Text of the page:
I remember from some sources, not related to the governance of the BSSR, that it was called the SSRB. I was hoping to expand the article, at least take it out of the stub stage. I find it sad an article on a former SSR is a stub. If the lead should be left alone, then what should I focus on. User:Zscout370 (Return Fire) 01:31, 12 July 2007 (UTC)

Requested Move[edit]

The following discussion is an archived discussion of the proposal. Please do not modify it. Subsequent comments should be made in a new section on the talk page. No further edits should be made to this section.

The result of the proposal was ALL MOVED, per discussion below. I also moved Kirgiz SSR, which seems to have missed the list somehow. -GTBacchus(talk) 04:43, 4 January 2008 (UTC)

It seems that given that the formal name for this nation was "Byelorussian Soviet Socialist Republic", the soviet prefix abbreviation (-"SSR") shouldn't be in the full article name. Therefore, I propose to move the article to its full form, Byelorussian Soviet Socialist Republic. We wouldn't have an article about North Korea titled "DPRK", would we? --Micahbrwn (talk) 10:11, 29 December 2007 (UTC)

The following moves are also proposed by the same reasoning:

  • Moldavian SSR → Moldavian Soviet Socialist Republic
  • Russian SFSR → Russian Soviet Federative Socialist Republic
  • Ukrainian SSR → Ukrainian Soviet Socialist Republic
  • Kazakh SSR → Kazakh Soviet Socialist Republic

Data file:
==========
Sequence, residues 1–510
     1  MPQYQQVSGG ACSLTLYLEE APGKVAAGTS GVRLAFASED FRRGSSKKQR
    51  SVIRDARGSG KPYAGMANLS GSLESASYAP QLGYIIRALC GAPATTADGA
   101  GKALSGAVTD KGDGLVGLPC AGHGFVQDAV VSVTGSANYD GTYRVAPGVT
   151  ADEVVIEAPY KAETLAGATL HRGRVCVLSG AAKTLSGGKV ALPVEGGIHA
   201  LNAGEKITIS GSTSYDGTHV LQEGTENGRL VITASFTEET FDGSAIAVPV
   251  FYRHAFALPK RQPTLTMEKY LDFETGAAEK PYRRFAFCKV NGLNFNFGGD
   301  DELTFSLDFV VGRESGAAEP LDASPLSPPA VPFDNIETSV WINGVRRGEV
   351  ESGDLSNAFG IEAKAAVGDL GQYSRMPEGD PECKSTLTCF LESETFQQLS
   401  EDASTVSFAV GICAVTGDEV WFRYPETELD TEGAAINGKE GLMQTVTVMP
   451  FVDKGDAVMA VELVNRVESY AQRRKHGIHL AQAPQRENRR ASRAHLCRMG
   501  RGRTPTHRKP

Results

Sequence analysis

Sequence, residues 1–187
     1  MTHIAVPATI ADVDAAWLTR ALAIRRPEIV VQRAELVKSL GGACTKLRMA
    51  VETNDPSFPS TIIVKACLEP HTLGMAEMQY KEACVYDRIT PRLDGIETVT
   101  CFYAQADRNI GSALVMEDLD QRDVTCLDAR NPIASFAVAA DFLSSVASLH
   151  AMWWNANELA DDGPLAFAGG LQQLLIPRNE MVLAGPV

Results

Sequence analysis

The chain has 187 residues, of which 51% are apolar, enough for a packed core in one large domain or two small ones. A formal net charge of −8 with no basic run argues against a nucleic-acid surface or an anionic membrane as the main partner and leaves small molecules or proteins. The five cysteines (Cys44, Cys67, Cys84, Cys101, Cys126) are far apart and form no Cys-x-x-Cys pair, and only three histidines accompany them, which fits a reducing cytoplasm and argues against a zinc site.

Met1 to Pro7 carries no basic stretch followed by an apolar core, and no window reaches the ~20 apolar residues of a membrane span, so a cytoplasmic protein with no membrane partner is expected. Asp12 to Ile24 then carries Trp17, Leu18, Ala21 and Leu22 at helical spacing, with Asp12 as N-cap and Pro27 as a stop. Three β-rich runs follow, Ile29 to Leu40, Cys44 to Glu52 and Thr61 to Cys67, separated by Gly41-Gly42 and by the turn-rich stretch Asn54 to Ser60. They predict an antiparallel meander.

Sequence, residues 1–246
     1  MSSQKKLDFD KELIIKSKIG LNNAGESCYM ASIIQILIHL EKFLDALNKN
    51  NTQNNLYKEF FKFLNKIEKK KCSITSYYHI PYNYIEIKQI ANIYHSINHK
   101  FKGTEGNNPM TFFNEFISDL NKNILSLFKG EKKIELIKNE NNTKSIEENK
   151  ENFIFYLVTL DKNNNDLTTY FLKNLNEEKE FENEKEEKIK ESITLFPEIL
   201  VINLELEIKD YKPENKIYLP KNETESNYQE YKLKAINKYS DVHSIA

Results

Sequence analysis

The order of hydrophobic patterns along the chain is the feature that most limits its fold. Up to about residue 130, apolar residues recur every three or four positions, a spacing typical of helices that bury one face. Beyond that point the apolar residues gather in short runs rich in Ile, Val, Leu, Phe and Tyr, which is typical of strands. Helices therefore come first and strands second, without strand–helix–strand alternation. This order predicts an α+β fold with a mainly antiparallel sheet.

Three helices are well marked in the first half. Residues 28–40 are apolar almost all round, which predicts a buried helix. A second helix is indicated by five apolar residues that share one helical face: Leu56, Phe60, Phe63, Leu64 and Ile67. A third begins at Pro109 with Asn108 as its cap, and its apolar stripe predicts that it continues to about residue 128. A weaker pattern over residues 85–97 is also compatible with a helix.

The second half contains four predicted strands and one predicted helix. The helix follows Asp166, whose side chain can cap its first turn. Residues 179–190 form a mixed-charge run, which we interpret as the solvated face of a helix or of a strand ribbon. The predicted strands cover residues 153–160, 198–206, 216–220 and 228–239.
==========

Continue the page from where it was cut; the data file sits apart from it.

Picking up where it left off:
• Tajik SSR → Tajik Soviet Socialist Republic
  • Turkmen SSR → Turkmen Soviet Socialist Republic
  • Uzbek SSR → Uzbek Soviet Socialist Republic
  • Armenian SSR → Armenian Soviet Socialist Republic
  • Azerbaijan SSR → Azerbaijan Soviet Socialist Republic
  • Georgian SSR → Georgian Soviet Socialist Republic
  • Estonian SSR → Estonian Soviet Socialist Republic
  • Latvian SSR → Latvian Soviet Socialist Republic
  • Lithuanian SSR → Lithuanian Soviet Socialist Republic


Feel free to state your position on the renaming proposal by beginning a new line in this section with *'''Support''' or *'''Oppose''', then sign your comment with ~~~~. Since polling is not a substitute for discussion, please explain your reasons, taking into account Wikipedia's naming conventions.


Any additional comments:
  • The comment by VartanM was copied from a talk page prior to the change to a multimove request --Lox (t,c) 11:58, 30 December 2007 (UTC)
The above discussion is preserved as an archive of the proposal. Please do not modify it. Subsequent comments should be made in a new section on this talk page. No further edits should be made to this section.

Disrespectful blind reverts[edit]

my first and foremost grievance is your disrespect: you are reverting the whole my edit while looking only at first line. Second, it is you who has to explain yourself, since you are reverting. Dzied Bulbash (talk) 20:13, 21 July 2008 (UTC)

As for Russian language, I don't really care. If you say so. Just treat other editors with respect. Although this policy of forceful Soviet-style Russification of Belarus is dislikable. Just go and try to enter Russian spelling of Таллин in Tallinn and see what happens. You all Russians are taking an advantage of mellow Belarussian character. Dzied Bulbash (talk) 20:13, 21 July 2008 (UTC)

Hi there! I am sorry you took my revert as a sign of "disrespect", but note how it is not me jumping to conclusions based solely on ethnic stereotypes. Normally, it is considered wise to research the situation before making any changes, and, in case of relatively high-profile articles such as this one, it is also a sign of common courtesy to request a comment on the talk page if the situation seems questionable. If it's of any consolation to you, I apologize for not providing more details in my first revert's edit summary, but that was a good reason for you to either post a note here or contact me directly for further clarifications of the revert, instead of immediately re-reverting.